Do horses ever take all 4 hooves off the ground during the gaits?

do horses ever take all 4 hooves off the ground.
if not please explain to me.
yeah horses have all 4 hooves off the ground at some point while runing.
Yes, look at the photo finishes at the track. You can easily see all four feet off the ground at once.
Yes at a gallop
at full gallop and when jumping, yes.
There is s split second during the canter when all four feet are not on the ground.
even racing trotters have been photographed with all four feet off the ground, so I would say the only gait where horses do not have all four feet off the ground at one time or another would be a walk.
The older style Arabians had a floating trot that all 4 were off the ground, also in a Hand Gallop all 4 would also be off the ground

Hunter/jumpers when they go over fences

Saddlebreds when they spook
yes, it is in the suspension phase of their movement. It is seen in gallops and canters.
Wll some so. My arab has all four feet off the ground when he gets in to his BIG extended trot and some horses do when they canter. Bt if its some western pleasure quater horse then they probably dont. When hosres canter they usually have one foot on the ground but some have enough momentum to get all 4 off the ground. it pretty much depends on the horse and speed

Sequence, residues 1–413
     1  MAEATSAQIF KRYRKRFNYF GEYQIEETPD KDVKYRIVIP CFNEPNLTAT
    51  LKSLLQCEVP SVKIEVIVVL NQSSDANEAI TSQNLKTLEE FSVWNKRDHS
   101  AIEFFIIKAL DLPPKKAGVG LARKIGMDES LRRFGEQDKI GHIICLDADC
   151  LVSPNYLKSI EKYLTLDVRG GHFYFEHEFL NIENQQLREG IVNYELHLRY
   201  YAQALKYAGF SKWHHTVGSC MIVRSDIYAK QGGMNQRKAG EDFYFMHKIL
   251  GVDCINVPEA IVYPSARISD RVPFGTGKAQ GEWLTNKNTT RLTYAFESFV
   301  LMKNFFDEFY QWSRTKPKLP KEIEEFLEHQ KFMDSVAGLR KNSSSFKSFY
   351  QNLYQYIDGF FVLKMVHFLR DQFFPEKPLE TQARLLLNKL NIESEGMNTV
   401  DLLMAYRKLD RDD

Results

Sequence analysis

i think during the gallop, they breifly take all of their hooves off the ground
They do. In canter and gallop.
Yes, during the lope and gallop.

If you were to get a video camera and film your horse doing either of those and later watched it in slow motion, you would see that all four feet do come off the ground.
Yes, everyone here is correct. At the extended canter and gallop, all four feet commonly come off the ground, hence it is a 4-beat gait...Arabians do it at a trot because it is so elevated and extended and MANY dressage horses, warmbloods in particular, do this at their extended trots.
yes, there is a point of suspention at the trot, canter, and gallop
Yes they do when there at a gallop or run
The gallop. It is called "suspension," when a horses' hooves are at the same time off the ground.

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